Deacon celebrates 20 years in Catholic service

June 13, 2014 at 1:13 a.m.

Deacon Alonzo Calzada moves the book of the Gospels before Mass at Our Lady of the Gulf Catholic Church in Port Lavaca on Pentecost Sunday. This year marks the deacon's 20th year with the church.

Deacon Alonzo Calzada moves the book of the Gospels before Mass at Our Lady of the Gulf Catholic Church in Port Lavaca on Pentecost Sunday. This year marks the deacon's 20th year with the church.

In November, Alonzo Calzada, 81, will celebrate 20 years in Catholic ministry at Our Lady of the Gulf church in Port Lavaca.

But Calzada admits he wasn't always a follower of God, and he spent more than five decades of his life running from the church and a relationship with God.

A near-death experience in 1983 and a visit from a priest at the hospital changed Calzada's heart, which beget a spiritual transformation that pushed him into permanent church leadership.

The Advocate caught up with one of the Crossroads' favorite deacons to discuss how he came to live the previous two decades of his life serving the church and leading the unchurched back to God.

Q: What was your spiritual life like before you became a deacon?

A: I don't think I ever realized how far away I was from God. I was going to church when I felt like it, but I had a lot of vices that kept me away. I went when there was an obligation, like when one of the kids was getting baptized or confirmed. But I didn't go to confession.

Q: So what happened to bring you back to church?

A: In October of 1983, I had a stroke. I was at a concert when it happened. I was sitting there, and I tried to get up, and I couldn't. I thought I was telling my son clearly, "Hey, listen, I can't get up," but he told me later I was slurring my words. He tried to pick me up, and he couldn't. But he threw me in the truck and took me to the hospital. My left side was paralyzed. A priest came to see me in the hospital, and when I saw him, I started to cry. I wasn't a crying man, but I started crying because I thought I was going to die and go to hell. The priest asked why I was crying, and I told him, "I know I'm going to die and go to hell." And that's when he told me that's not how God is. He said, "He loves you and has already forgiven you. He has blessed you."

Q: How did that visit affect you?

A: The priest gave me a copy of the prayer of abandonment, and for someone who had been away from church for so long, it was a tough prayer to read. It basically said, "I give myself to you, God, and you do with me what you want to do."

Q: What happened after the hospital?

A: My wife took me to Victoria to have me checked out, and I remember coming out of the surgery and the doctors telling me that the blockage in my veins that was there isn't there anymore. I had full movement of my arms and body. It was a miracle to me.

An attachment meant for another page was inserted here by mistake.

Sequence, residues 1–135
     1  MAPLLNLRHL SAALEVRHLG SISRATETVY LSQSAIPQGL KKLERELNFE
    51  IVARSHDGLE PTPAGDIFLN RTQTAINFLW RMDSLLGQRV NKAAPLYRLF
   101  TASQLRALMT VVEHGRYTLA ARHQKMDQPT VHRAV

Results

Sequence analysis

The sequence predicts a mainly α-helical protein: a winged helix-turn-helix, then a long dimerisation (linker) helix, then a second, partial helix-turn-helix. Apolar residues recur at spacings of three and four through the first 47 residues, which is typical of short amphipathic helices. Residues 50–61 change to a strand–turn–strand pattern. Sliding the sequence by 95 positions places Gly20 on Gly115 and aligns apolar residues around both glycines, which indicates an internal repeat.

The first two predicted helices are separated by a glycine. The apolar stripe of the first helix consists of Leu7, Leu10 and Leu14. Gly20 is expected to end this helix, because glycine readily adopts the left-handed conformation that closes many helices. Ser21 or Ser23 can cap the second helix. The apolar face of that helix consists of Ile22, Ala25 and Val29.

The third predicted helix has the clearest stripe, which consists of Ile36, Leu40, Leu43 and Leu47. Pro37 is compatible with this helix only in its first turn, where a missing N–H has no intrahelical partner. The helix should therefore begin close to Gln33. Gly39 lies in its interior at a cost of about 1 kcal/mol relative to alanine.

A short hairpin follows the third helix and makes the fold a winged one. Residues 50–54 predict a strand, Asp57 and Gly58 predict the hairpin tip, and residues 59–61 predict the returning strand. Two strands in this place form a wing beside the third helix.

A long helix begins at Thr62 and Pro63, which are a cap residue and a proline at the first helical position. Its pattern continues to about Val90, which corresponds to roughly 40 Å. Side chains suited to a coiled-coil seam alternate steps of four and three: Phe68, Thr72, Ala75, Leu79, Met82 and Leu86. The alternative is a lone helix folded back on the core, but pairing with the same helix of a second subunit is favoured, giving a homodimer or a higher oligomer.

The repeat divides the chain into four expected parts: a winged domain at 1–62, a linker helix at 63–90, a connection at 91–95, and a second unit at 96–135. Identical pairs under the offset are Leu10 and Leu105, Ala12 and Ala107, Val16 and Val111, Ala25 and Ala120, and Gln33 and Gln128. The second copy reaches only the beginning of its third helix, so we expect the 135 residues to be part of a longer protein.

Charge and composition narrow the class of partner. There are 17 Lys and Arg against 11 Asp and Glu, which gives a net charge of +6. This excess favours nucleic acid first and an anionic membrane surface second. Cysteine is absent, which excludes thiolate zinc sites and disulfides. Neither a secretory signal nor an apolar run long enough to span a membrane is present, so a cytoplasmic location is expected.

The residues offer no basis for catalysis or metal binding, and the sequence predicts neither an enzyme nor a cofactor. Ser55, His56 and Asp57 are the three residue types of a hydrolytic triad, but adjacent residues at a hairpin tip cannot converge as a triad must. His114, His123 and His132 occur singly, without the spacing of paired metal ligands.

Q: So how soon after your stroke did you start living a righteous life?

A: After that, without even wanting it, I lost all desire to smoke and drink. And I used to drink quite a bit. I wasn't an alcoholic, but I was mighty close. After that stroke, I wanted God, and I wanted to serve him for the rest of my life. I never miss drinking. I drink beer like a Coke these days, every now and then.

Q: What did people think of your change?

A: I really rediscovered my faith. And I started out going to Mass every time I could. I was a supervisor at Alcoa, and the people at work recognized a lot of changes. I'm still amazed by what God did for me.

Q: Do you use your past to help others who don't go to church as often?

A: I do use my story to console people. A lot of people know me and know my past, and they come to me because of that. But I use it to prove that God can change people's lives and show them he has a plan for you. And when it comes time for that plan to happen, you have to leave yourself open for that. I offer the same prayer to people that the priest who visited me in the hospital gave me.

Q: So how did you decide you wanted to be a deacon?

A: I went to visit the priest when he was in a rest home for the elderly. And he remembered me. He told me I was going to have to take care of my people. I didn't know how to take it at first. But I thought it meant that was my calling - that I was needed to help my Hispanic brothers and sisters, and that was to be my ministry.

Q: And how did you move forward with your calling?

A: I started doing a lot of things for the church, and people started asking me to consider being a deacon. I didn't really know what a deacon was then. But I signed an application, and it was determined I was qualified. It takes four years of formation after that, and I had to attend classes two days a week and learn a lot of theology and parts of the Bible. We learned how to preach and a lot about marriage and how marriage was supposed to be. We had to write papers at the college level. It was great. We had a wonderful professor.

Q: And you were one of the first deacons with the Diocese of Victoria?

A: Well, there were deacons before our class, but they all came from different dioceses. Our class was the first class of deacons to be ordained for the Victoria Diocese.

Q: What do you think about your previous two decades in ministry?

A: It's all God; he's the one who gives me strength. Everything seemed to fall in place for me. I feel like I did what I was called to do. I don't think I'm anyone special. I just did it as best as I can. I know if God can change a person like me, like who I was, I believe he can change anyone.



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